Many people know that sleep apnea is what causes snoring, but they may not know that it is a very serious disorder that can cause your body to actually stop breathing when you sleep. Sleep apnea is a chronic condition that requires long-term management and can result in serious health complications if not treated. According to the American Sleep Apnea Association, an estimated 22 million Americans suffer from sort of chronic sleep disorder.
Many sufferers never gain consciousness after an apnea episode and so many do no realize why they feel sleepy and cranky the next day. It is estimated that up to 80 - 90 percent of people with sleep apnea are undiagnosed.
With sleep apnea the throat muscles relax and the tongue can fall back into the throat, closing the airway and inflicting the oxygen supply. Sufferers of sleep apnea actually stop breathing for short periods. This stoppage of breathing can cause people to wake up hundreds of times during the night, unbeknownst to themselves. The name is apnea literally means without breath in Greek.
Sleep apnea can lead to sleep deprived days for sufferers as well as sleepless nights for their partners and is the leading causes of daytime sleepiness (hypersomnia).
Sleep apnea can also cause headaches, memory loss, and depression and decreased sex drive. If it is left untreated, patients can eventually have stokes, diabetes, increased blood pressure, heart attacks, and even death.
There are really two types of sleep apnea:
- Obstructive sleep apnea, which is when the throat muscles relax and is the most common form.
- Central sleep apnea, which is when the brain doesn't send muscles the right signals.
There are certain factors that can put sleep apnea patients at risk and they include excess weight (obesity), neck circumference, being male, being older, use and overuse of alcohol, sedatives or tranquilizers, and smoking.
To treat sleep apnea, most dentists and doctors can recommend lifestyle changes, though surgery or breathing devices can relieve the symptoms. Light sleep apnea can be treated by lifestyle changes including increased exercise and choosing better diet.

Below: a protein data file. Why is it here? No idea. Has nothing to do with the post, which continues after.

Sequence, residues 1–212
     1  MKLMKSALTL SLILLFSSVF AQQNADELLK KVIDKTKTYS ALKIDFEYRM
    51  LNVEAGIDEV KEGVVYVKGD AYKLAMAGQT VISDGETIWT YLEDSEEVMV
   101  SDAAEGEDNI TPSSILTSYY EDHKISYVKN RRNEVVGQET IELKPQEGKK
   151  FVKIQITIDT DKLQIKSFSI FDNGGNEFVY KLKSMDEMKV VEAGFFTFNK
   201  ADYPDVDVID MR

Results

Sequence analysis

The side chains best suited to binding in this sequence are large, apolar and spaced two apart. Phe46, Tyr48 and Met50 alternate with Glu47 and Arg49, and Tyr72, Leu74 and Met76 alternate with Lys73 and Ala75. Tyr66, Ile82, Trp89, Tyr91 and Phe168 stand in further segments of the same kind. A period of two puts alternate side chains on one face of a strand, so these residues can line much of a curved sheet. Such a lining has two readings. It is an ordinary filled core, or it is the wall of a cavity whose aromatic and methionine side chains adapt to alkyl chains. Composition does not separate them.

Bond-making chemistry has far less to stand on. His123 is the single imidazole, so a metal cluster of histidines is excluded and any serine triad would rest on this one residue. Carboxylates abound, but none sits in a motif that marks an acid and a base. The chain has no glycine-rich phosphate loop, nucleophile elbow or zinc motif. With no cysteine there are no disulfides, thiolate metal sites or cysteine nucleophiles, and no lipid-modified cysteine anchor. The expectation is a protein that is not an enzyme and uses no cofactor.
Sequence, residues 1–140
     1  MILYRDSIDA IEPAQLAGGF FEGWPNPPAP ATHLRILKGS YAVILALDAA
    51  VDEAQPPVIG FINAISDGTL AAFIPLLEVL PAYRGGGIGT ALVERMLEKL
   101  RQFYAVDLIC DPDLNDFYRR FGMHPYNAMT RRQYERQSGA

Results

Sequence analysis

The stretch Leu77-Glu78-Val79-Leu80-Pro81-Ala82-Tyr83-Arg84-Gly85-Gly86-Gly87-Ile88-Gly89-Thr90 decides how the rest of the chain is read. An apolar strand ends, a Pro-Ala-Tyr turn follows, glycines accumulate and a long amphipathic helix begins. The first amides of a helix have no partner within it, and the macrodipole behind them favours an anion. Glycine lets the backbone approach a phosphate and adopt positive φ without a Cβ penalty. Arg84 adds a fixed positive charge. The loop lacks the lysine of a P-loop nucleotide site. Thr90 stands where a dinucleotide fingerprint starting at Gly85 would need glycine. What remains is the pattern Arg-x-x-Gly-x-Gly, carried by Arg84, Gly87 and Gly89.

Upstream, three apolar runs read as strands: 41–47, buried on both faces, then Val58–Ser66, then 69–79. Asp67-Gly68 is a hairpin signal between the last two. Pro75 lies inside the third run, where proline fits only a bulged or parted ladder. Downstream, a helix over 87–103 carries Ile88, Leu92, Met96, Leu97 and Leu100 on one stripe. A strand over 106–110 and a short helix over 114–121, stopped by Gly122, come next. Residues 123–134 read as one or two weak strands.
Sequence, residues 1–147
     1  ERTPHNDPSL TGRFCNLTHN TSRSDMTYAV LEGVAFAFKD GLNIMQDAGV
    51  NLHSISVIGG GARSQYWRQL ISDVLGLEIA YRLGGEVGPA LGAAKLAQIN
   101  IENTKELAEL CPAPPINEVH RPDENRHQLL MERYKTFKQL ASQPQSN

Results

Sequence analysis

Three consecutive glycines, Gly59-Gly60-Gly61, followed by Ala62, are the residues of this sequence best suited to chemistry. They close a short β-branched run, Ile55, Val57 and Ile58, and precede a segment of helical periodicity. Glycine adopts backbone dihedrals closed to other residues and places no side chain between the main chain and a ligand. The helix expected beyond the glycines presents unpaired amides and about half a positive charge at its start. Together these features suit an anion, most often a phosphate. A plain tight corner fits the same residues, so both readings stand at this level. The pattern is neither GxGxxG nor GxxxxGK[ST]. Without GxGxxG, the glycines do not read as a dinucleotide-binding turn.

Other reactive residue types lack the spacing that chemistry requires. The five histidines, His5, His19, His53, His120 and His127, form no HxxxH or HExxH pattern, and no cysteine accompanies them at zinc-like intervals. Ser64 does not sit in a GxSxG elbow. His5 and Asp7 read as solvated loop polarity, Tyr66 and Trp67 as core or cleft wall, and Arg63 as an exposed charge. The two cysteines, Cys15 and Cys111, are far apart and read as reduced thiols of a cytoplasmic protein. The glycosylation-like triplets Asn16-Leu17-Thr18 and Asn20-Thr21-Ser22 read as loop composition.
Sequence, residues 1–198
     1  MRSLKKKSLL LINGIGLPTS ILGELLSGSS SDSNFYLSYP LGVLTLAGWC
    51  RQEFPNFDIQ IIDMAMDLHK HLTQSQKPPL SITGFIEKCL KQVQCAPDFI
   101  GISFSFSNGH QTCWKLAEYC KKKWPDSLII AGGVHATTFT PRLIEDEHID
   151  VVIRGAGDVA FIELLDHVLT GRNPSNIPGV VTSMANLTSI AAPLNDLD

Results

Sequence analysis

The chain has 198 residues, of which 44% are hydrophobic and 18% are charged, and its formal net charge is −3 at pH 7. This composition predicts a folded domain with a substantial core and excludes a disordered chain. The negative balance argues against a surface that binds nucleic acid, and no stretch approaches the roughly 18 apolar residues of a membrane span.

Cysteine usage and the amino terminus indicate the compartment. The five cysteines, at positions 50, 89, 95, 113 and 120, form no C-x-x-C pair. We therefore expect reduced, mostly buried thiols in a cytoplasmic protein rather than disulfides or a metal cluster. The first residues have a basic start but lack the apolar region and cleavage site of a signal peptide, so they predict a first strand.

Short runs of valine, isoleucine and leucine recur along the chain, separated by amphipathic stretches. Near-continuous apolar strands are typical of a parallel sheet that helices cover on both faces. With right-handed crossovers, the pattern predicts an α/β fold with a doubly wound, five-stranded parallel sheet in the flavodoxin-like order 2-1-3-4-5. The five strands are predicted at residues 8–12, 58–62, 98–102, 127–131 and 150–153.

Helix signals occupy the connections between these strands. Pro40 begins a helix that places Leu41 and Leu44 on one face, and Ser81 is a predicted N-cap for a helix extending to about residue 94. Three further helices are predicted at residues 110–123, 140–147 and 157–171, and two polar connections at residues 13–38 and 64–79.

Indeed, since almost 70 percent of those who have sleep apnea are obese, losing weight has been known to help many patients. Giving up smoking and abstaining from alcohol, tranquilizers and sleeping pills also helps many patients. Not sleeping on your back, and instead trying to sleep on your side or abdomen is also recommended.
For obstructive sleep apnea, treatments include devices that push air pressure through a mask placed over your nose while you sleep, devices that adjusts the pressure as you sleep, or an oral appliance meant to keep the throat open.
If all other treatments to not work, then surgery may be needed. Surgery is usually only an option after other treatments have failed. With surgery, doctors enlarge the patients' airway that is causing the blockage though tissue removal, jaw repositioning, implants, or creating a new air passageways (or tracheostomy).
The fine folks at Metrotech Dental, a place for Dental Equipment Repair in Oregon, remind us that if you think you have sleep apnea, or have been told by friends or a partner that they are worried about you when you sleep due excessive snoring and gaps in breathing, there are a few simple tests available you find to help see if you should talk to your doctor.